What can the financial services industry learn from Dyson?

by Tim Dier

Learn from Dyson

There is no greater danger than satisfaction

Users and suppliers of financial services have much to learn from Dyson, made famous by his bagless vacuum cleaner. His company’s products are designed to use less energy and resources, while providing exceptional performance. Implementing some of the traits that were necessary for Dyson’s success could benefit the finance industry.

Challenge perceived wisdom

Sir James Dyson is often likened to a modern-day Thomas Edison. He is driven by doing things better and more efficiently and has argued that we all need to question more. Re-think what you are doing and do not just copy everybody else. Often that means challenging perceived wisdom –which can be hard in the traditionally conservative and rigid world of finance.

An expert thinks he knows it all, but he’s also rather inhibited by his experience, his knowledge, and he finds it difficult to steer off the well-known path.

Sir James Dyson

Approach with naivety

We should approach challenges with naivety. There are innovations and improvements that can always be made, and one should start by asking “Why?”  Why is something done that way?

It’s not about being brilliant — it’s about being logical and persistent… you have to start right at the beginning with the most basic, simple thing, and then make one change to see what effect that has.


Focus on frictional costs

In today’s challenging times, it is more important than ever to control costs and find savings. The founder of Vanguard, John Bogle, known for his pioneering work in the field of low-cost index investing, similarly recognised that controlling costs was a route to superior returns.

With many readers coming from the active investment community, there will be debate over whether Warren Buffet’s famous bet‘that including fees, costs and expenses, an S&P 500 index fund would outperform a hand-picked portfolio of hedge funds over 10 years’ – will truly stand the test of time.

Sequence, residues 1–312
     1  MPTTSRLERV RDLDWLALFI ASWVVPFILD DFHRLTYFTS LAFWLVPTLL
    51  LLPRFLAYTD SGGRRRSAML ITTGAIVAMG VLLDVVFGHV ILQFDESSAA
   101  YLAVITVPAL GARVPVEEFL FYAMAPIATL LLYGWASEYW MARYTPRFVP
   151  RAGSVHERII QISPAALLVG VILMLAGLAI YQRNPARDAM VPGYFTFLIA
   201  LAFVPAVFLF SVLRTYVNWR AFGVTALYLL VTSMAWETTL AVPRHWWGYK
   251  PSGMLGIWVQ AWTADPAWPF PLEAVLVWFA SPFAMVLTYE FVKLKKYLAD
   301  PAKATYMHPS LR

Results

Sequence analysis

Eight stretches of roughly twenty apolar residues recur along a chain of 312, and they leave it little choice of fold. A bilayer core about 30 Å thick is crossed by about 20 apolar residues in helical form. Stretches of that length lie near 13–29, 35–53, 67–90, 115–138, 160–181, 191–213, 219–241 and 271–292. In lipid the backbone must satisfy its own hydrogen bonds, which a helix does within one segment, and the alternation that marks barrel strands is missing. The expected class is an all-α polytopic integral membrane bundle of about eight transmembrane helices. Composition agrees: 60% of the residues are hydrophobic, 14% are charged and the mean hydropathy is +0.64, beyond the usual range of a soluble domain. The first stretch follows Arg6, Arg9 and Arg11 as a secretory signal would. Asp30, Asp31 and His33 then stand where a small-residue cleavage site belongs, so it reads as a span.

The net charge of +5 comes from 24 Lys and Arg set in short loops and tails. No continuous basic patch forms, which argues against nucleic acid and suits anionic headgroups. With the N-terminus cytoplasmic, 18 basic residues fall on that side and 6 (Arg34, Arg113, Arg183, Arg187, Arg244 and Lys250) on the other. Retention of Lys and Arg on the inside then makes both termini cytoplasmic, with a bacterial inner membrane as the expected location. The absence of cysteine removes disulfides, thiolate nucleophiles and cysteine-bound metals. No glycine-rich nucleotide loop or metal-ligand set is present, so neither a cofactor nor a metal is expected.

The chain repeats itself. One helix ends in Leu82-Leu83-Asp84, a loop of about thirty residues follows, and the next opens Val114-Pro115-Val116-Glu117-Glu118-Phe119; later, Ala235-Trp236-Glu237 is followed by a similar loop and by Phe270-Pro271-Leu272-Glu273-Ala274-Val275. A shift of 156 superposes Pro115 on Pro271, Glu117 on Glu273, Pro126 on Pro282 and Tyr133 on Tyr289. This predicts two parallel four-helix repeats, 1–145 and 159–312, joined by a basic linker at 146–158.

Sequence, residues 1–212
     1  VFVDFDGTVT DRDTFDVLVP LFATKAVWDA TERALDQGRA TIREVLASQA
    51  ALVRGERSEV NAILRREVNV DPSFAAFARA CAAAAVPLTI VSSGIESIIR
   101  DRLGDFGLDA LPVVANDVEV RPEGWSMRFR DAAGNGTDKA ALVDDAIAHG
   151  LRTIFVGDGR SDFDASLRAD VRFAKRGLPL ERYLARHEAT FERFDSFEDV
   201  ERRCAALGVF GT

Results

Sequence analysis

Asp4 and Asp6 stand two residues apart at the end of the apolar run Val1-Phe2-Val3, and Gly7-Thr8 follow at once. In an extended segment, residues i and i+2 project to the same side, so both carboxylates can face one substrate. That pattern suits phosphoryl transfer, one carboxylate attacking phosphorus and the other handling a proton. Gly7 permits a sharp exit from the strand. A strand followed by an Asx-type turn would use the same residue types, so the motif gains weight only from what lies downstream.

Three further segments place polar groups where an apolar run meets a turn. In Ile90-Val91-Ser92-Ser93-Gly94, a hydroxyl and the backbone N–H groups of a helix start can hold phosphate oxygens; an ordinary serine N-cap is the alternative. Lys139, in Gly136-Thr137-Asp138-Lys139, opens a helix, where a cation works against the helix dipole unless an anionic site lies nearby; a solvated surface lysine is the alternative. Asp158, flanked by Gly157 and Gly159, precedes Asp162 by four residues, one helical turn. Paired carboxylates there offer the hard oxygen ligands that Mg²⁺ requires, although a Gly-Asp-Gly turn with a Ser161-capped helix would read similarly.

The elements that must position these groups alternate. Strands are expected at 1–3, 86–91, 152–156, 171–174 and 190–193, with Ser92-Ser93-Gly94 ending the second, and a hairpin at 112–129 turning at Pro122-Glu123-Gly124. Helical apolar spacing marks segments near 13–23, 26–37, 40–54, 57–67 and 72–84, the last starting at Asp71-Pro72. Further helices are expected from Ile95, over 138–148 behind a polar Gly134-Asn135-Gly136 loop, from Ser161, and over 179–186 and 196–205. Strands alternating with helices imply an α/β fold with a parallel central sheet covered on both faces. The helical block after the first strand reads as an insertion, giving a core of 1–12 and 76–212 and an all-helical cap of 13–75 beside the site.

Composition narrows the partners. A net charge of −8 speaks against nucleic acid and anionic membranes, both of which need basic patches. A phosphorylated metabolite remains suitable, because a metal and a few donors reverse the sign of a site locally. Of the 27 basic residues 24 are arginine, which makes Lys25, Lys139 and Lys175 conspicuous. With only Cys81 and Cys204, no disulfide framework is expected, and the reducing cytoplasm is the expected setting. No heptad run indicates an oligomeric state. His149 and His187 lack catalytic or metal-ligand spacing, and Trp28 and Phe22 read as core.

But one thing is for sure, costs are a huge drag on investor and manager returns, and active managers who can control unnecessary costs will steal a march on their less efficient peers.

The drag of unnecessary costs compounds

Like the drag on a boat’s hull caused by barnacles and algae, the handicap only compounds over time, and without any remedial action your more efficient competitors will win.

Compound interest is the eighth wonder of the world. He who understands it, earns it; he who doesn’t, pays it.

Albert Einstein

The same applies for costs.  A few basis points today compounds to hundreds of basis points in the medium term. Less for investors, and less for managers.

So how can you apply Dyson’s principles?

When trying to understand why a business process is done a particular way, we often come across “It’s the way we’ve always done it” response. This is where emulating Dyson can be an excellent starting point to improve outcomes.

Even if things appear to be in some kind of stasis, a company must move on. It has to get better, evolve and improve in order to survive. There is no greater danger than satisfaction.

Sir James Dyson

With OptimX’s independent and unbiased support, several clients have identified and realised material savings across a number of functions without having to overhaul their systems. “Nobody at our bank ever highlighted that we could have achieved the same outcome for materially lower cost”, one client said.

As Dyson discovered, vacuum cleaner manufacturers made a fortune from selling vacuum bags, so had no incentive to change. This was to the detriment of their customers, and ultimately themselves. OptimX partners with its clients in asking questions, not for their own sake, but to lower costs and augment returns.

We need continuously to learn, question, and challenge conventional wisdom. The Dyson way.